Along with the issue of ICT infrastructure, language poses a significant challenge to information exchange. This challenge presents itself at the stages of input and access of information in text-form that would discourage users who are not able to read or write. Pratap Singh of ekgaon Technologies says that the ground reality of illiteracy needs to be addressed first through basic education and literacy exercises. Following this is the need for simplicity in the presentation of information that villagers will access. He says, "Till the time literacy can be taken for granted, there is a need to convert the relevant information to voice. So a villager who sits at a kiosk hoping to be informed about the current price of his crops, or weather forecast information, should not be denied such information because he is illiterate; an interactive voice menu would help. In association with other companies, ekgaon has already begun work on a weather alert system that will work through a voice-activated menu, that it hopes to deploy in Tamil Nadu."
Some initiatives towards bridging the language gap include:
- Indic computing project: Open source and free, the project works towards the development of standards, resources and technologies for Indian language computing. It has published a freely accessible handbook on aspects of Indian language computing.
Covering the rural territory
For now, not all rural areas come under the wings of schemes such as those mentioned above and those covered in previous issues, including the Akshaya Project or Intel's proposed Rural Connectivity Platform. Some other avenues for leveraging knowledge to produce value come by way of innovation foundations that address the rural population, such as the NABARD Rural Innovation Fund, National Innovation Foundation and the IDRC-Microsoft Rural Innovation Fund. Additionally, for savvy players in the centre of the urban dream who still need the right networks, there are initiatives like the NASSCOM India Innovation Fund, and Marico Innovation Foundation.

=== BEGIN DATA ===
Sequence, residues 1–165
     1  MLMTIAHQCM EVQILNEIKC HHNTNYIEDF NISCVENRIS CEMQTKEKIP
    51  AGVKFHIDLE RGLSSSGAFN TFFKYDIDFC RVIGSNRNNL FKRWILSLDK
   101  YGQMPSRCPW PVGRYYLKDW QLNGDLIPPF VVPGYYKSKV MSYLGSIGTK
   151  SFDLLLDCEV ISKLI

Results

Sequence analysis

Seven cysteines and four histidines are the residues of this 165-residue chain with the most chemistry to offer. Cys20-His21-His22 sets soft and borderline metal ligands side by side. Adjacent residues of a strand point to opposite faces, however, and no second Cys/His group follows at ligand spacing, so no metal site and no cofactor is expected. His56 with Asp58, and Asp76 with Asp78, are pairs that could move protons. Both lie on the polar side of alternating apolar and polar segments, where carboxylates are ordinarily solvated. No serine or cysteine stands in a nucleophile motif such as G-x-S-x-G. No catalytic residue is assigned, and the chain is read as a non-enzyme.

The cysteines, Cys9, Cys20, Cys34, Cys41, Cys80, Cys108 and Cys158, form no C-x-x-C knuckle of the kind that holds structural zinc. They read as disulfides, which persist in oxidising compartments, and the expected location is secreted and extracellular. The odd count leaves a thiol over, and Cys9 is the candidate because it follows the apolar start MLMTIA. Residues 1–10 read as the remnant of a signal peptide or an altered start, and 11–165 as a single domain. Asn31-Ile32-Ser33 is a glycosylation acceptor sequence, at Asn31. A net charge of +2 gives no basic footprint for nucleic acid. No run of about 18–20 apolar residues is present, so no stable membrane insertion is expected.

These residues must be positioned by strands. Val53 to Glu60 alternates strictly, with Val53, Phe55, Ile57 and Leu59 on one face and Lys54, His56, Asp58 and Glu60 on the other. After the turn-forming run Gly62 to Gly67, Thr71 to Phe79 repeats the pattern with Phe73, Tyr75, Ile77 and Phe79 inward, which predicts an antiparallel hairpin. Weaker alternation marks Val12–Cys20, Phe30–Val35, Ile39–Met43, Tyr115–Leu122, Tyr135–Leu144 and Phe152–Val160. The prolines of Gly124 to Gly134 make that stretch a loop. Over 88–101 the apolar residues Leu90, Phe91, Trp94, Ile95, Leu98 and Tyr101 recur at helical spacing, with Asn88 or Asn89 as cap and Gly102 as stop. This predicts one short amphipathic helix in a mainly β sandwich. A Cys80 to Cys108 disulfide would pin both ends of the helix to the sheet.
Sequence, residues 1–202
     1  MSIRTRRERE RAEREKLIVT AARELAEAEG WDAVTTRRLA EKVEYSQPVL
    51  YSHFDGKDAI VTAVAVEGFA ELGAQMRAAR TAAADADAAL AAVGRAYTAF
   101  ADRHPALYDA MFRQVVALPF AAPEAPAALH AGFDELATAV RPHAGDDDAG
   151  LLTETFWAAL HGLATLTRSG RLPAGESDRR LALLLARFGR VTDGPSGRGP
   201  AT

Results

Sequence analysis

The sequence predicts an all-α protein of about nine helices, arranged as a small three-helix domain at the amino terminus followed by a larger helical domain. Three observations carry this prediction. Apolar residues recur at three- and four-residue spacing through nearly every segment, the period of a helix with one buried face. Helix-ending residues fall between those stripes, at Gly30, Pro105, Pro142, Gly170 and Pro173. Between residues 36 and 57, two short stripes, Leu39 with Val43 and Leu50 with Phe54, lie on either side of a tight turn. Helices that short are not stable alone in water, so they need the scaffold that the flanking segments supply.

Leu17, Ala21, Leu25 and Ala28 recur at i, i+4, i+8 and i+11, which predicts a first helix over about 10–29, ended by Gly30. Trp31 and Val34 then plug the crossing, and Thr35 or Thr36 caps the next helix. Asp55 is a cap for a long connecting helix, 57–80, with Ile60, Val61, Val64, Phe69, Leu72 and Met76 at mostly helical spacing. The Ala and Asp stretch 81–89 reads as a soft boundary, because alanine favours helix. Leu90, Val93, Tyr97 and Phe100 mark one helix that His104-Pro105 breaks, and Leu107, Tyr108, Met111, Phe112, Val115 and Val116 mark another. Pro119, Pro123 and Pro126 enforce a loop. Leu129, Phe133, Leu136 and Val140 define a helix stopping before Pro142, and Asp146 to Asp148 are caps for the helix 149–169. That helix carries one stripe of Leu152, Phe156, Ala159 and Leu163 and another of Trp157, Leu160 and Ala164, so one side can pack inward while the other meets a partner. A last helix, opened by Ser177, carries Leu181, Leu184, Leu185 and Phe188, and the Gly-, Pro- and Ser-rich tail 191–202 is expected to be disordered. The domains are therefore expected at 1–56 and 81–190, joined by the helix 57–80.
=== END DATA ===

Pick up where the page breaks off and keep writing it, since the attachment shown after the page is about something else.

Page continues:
Collaboration is nothing new. Since the first human settlements, collaboration has been inevitable and compulsive, and has obeyed almost exactly the same honoured structures and hierarchies for centuries. The promise that Wikinomics holds out to much of India and other developing countries is: access to reliable and immediate knowledge. And it is especially empowering where it succeeds in bypassing vested barriers to knowledge.
Even at its most basic, the information-driven "Network Economy" is an invitation to enterprise.
A few Indian rural ICT Projects
Scaling Up The Mobile For The Rural User
ekgaon's CAM is a project to digitise paper-based records using a camera-equipped mobile phone as an image-capturing and data-entry device. It is aimed at self-help financing federations, banks, and NGOs, allowing them to access and retrieve recorded financial information whenever required. A 2008 Stockholm Challenge Award finalist, the CAM Microfinance Management System hopes to extend to providing real-time market information on agri-products and other commodities.